• Non-conforming structures on shoreland could be torn down and replaced
with another non-conforming structure that is, in part, located on the original
building’s footprint. Zoning permits non-conforming structures to remain,
but prohibits expansion in the hopes that over the decades all properties will
• A town’s comprehensive plan may not prohibit any use specified as a
conditional use in a zoning ordinance enacted by a town. Here I think of a
town acting to prohibit sand mines allowed by conditional use permits.
• Makes “down zoning” more difficult and probably ineffective. Down zoning is
moving a housing use, for example, from multiple to single families. It is
sometimes used to recast zoning when development plans do not correlate
with the projection of developers or to protect housing stock in vulnerable
neighborhoods from developers who would break up single-family homes
and convert them to multi-tenant buildings. The bill also requires a threequarters
vote. Because most towns have only three supervisors, it is actually
a unanimous vote. Requiring a unanimous vote is unprecedented in town
government and likely all local government.
• Land awaiting development would be taxed according to its prior use
(agriculture, forest, etc.) rather than an assessment of its true value.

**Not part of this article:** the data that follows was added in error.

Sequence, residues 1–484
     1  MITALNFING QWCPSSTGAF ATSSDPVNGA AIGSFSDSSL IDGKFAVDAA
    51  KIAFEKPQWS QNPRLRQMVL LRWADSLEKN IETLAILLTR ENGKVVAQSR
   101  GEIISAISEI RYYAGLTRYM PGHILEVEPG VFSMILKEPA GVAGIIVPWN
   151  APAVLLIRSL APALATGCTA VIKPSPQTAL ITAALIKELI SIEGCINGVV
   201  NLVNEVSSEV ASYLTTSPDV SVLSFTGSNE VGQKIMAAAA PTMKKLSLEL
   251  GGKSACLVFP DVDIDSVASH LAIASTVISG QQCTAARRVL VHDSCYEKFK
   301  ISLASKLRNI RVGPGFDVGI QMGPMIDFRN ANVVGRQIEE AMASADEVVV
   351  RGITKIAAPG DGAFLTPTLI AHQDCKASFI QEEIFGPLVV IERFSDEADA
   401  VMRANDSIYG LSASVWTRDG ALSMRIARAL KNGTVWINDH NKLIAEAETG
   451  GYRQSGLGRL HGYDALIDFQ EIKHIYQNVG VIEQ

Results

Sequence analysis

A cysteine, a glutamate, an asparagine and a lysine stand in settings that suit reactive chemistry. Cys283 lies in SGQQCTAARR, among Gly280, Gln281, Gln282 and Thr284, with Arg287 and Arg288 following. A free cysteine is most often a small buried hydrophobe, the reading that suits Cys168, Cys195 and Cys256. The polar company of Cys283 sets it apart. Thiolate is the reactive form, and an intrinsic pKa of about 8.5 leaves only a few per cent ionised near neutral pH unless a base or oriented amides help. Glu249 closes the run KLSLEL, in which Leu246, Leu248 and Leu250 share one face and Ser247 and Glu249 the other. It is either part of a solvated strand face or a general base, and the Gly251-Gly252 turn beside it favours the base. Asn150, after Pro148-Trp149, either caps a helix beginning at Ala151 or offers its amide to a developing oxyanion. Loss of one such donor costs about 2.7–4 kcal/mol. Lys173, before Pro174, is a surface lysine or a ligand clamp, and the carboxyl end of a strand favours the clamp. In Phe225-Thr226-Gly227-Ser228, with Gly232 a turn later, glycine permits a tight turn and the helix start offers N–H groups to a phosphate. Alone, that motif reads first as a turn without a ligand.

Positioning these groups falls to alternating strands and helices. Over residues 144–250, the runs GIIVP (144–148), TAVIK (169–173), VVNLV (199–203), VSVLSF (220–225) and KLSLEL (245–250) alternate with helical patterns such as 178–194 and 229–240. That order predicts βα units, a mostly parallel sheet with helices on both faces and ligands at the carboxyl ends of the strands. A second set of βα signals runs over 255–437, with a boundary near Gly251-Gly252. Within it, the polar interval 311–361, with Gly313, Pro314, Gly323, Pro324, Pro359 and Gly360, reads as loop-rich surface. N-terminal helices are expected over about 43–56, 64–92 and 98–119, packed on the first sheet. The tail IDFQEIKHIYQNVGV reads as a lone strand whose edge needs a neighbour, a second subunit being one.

One consequence of this bill is to create a race between a developer, builder or contractor
against local government. If the developer can get the project started before the final
action is taken on a change made by local government, an inappropriate ‘non-conforming
use’ is created and may continue indefinitely.
The filing of a seemingly minor permit can trigger a freeze in all local regulation. This
bill would eliminate the ability of local government to respond to an unanticipated major
development or change in land use. All I can think is that few, if any of us, anticipated in
2008 the ‘sand rush’ beginning in 2010. What new use for land might emerge that is not
now codified in existing zoning ordinances?
Land use ordinances, zoning, subdivision regulations, shoreland zoning restrictions all
came about to protect our communities from willy-nilly development. We – collectively
– wanted a nice place to live and raise our families. People do not want industrial sites
like fireworks factories next door to their piece of paradise. This bill takes away the
collective rights of the community and the individual rights of landowners adjacent to
developers. The bill gives rights to developers who may not live anywhere near the
development from which they will profit.
You can find a copy of the bill and follow its progress in the Legislature at the following
I urge you to oppose the bill, encourage your fellow citizens to oppose the bill, contact
your representatives and join local government in passing resolutions opposing the bill.
Please work with any local or statewide groups to oppose the bill.
Thank you for your work to make our communities a great place to live, work, play and
raise a family. I appreciate all the hours you put in to keep our neighborhoods great.
I wish you and your family a very Happy Holiday season.
Senator Kathleen Vinehout